Gilead Sciences COVID-19 Drug Is A Beacon of Hope In Pandemic Fight

Gilead Sciences trial of a COVID-19 treatment
Gilead Sciences concludes its clinical trial of a COVID-19 treatment. PHOTO/Shutterstock

Gilead Sciences has announced that it plans to donate its existing supply of 1.5 million doses of remdesivir—enough to treat 140,000 COVID-19 patients.

On Wednesday, Gilead Sciences Inc. announced it had concluded its clinical trial of a COVID-19 treatment—with astonishing results.

Dr Anthony Fauci, the nation’s leading expert on infectious diseases, said that the results are “highly significant.” The U.S. Food and Drug Administration will now begin the process of approving the drug for widespread use.

Remdesivir, the antiviral drug used in the trial, was shown to help coronavirus patients recover from the disease 31% faster than those who did not receive the treatment.

What are the results of the clinical trials?

The clinical trials involved the use of a double-blind study, which examined two groups of patients. While one group received the actual treatment, the other group received a placebo or fake treatment with no chemical impact.

The process is dubbed double-blind because neither the participating patients nor the doctors know who is receiving the real drug. It is a way to remove any possible prejudice from the results.

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Though the data are yet incomplete, the available information represents three different trials. The largest trial involved 1,063 patients who had been hospitalized with COVID-19.

The group that received remdesivir recovered in 11 days on average, while those who received the placebo recovered in an average of 15 days.

Of those who received remdesivir, about 8% died of virus-related complications, as opposed to the placebo group, where 11.6% of patients passed away.

The good news is that the recovery period for those who received remdesivir was 31% shorter than those in the placebo group, which experts say is significant.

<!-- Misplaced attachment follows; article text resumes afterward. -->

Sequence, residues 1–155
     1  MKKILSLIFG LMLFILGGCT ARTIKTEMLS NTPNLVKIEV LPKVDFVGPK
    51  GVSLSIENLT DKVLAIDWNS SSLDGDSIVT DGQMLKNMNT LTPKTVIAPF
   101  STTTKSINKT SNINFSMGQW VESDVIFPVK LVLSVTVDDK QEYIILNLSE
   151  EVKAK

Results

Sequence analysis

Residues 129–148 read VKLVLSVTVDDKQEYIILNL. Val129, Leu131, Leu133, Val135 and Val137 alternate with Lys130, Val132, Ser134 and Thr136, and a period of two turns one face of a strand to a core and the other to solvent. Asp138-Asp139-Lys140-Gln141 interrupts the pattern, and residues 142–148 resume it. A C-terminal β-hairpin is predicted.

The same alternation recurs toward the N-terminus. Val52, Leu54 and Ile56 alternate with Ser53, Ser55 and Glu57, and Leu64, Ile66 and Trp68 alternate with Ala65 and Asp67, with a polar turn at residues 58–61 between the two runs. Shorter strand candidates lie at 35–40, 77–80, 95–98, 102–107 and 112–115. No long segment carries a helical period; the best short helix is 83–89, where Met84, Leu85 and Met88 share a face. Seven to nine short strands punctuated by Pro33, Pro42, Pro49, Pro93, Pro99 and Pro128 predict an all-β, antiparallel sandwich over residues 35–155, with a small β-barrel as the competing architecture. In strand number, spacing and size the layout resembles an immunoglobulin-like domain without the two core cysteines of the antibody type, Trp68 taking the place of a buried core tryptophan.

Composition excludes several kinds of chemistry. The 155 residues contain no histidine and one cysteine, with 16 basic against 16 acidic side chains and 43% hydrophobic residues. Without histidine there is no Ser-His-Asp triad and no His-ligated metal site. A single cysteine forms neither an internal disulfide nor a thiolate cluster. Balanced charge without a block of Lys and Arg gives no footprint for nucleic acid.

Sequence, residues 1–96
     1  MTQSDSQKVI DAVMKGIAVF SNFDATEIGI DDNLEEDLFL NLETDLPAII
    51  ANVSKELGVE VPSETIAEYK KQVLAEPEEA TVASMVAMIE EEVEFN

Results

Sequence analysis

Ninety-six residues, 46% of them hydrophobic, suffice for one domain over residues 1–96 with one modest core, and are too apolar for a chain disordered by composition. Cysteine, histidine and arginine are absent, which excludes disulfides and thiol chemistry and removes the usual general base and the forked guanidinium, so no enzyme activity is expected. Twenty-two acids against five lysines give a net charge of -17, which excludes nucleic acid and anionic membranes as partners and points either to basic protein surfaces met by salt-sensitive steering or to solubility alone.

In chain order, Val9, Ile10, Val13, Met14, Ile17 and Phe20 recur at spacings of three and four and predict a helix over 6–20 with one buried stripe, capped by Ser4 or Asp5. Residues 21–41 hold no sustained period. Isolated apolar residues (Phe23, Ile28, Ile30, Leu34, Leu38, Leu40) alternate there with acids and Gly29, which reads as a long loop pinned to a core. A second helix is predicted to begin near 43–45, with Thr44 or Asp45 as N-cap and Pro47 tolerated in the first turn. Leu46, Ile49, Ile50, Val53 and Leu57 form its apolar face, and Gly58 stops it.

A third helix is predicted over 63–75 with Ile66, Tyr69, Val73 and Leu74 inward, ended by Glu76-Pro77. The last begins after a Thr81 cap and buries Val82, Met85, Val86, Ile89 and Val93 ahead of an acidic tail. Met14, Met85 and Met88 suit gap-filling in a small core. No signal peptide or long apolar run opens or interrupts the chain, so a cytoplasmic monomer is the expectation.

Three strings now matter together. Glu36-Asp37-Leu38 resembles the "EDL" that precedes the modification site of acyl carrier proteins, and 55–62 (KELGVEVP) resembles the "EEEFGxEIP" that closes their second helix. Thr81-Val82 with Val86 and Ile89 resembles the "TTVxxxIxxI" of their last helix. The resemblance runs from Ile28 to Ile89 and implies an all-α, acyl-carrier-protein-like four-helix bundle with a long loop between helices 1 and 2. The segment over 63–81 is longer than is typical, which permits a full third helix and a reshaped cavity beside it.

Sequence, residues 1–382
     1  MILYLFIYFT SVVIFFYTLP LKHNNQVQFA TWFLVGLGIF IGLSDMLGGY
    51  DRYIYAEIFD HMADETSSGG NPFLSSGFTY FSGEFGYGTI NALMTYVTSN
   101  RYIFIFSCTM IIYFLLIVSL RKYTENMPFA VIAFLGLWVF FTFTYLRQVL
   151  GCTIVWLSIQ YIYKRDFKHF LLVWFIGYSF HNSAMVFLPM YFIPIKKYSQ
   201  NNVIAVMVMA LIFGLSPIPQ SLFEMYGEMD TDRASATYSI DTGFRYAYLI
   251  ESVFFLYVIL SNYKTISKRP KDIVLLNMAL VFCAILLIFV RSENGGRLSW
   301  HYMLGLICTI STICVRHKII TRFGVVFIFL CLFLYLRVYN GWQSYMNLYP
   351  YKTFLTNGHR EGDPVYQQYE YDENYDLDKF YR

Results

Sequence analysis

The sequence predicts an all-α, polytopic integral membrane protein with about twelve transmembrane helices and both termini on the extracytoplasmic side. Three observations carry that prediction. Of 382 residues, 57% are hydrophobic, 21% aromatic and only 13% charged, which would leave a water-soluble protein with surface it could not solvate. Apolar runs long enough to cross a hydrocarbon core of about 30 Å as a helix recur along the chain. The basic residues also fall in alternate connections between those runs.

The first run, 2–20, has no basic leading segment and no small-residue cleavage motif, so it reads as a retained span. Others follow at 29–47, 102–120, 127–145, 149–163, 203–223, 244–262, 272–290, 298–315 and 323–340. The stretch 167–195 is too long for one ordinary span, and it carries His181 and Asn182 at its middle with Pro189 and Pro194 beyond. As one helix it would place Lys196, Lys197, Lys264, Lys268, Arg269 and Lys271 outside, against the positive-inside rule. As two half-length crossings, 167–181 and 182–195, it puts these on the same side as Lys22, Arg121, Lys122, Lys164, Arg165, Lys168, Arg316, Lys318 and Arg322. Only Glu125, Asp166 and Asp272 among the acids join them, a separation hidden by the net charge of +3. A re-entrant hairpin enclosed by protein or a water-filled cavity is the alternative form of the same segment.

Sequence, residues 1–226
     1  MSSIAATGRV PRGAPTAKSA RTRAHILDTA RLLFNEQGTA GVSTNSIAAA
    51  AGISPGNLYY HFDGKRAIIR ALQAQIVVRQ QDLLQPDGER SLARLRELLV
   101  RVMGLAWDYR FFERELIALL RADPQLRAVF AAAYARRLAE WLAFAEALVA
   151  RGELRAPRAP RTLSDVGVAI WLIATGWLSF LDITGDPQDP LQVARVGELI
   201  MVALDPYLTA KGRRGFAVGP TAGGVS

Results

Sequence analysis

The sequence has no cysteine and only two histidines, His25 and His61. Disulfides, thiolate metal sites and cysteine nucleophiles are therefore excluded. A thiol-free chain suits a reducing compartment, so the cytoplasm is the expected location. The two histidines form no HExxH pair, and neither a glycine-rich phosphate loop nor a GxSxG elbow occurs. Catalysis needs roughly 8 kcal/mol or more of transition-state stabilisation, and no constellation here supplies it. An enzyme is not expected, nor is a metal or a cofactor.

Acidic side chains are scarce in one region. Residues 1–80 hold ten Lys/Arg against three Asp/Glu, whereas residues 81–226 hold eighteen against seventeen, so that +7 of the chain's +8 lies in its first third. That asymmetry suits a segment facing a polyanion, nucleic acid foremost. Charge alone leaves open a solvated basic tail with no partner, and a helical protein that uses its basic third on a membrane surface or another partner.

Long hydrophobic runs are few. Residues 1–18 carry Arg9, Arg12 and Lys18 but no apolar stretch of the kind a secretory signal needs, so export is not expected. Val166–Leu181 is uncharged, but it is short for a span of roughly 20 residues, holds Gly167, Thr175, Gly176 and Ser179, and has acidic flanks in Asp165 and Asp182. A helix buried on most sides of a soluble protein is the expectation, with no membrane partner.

The bad news is that the difference in survival rate between the two groups is considered statistically insignificant.

Another trial, conducted in China, did not yield such optimistic results.

In this case, the study didn’t show the use of remdesivir helped patients at all, but Gilead considers these findings to be inconclusive, as the trial was ended early.

Lastly, Gilead conducted a trial with a group of 397 patients whose cases were far more severe, and who had been sick for a longer period of time.

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The trial showed greater benefits of the drug in patients who received it early on in their recovery, while those who received it late into their illness did not exhibit such benefits.

How does it work?

While a viricide would kill a virus, remdesivir is an antiviral that tries to slow the virus’ reproduction, inhibiting its ability to make copies of itself.

By slowing the rapid growth of a virus within the human body, the drug enables a patient’s immune system to overcome the virus before it gets too big to handle.

And while the present form of remdesivir only targets this single coronavirus, antivirals can be designed to disable an entire group of viruses.

Gilead will likely add other antiviral agents to the drug in the future as a means of intensifying its effectiveness.

Next Steps

President Trump said of the FDA regulatory investigation, “I want them to go as quickly as they can… We want everything to be safe, but we would like to see very quick approvals, especially with things that work.” The FDA has yet to approve the drug for use in widespread treatment.

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But Gilead has announced that it plans to donate its existing supply of 1.5 million doses of remdesivir—enough to treat 140,000 patients. Once the drug is approved, the company will begin mass production.

Gilead is also exploring more convenient forms of delivery for the drug, which is currently only available intravenously.

Much like fellow biotech firm Vaxart that is working on a vaccine to be taken as an oral tablet, Gilead recognizes that a tablet form of remdesivir would make it easier for patients to treat themselves at home, as opposed the need to get it via I.V. from a health professional in a hospital.

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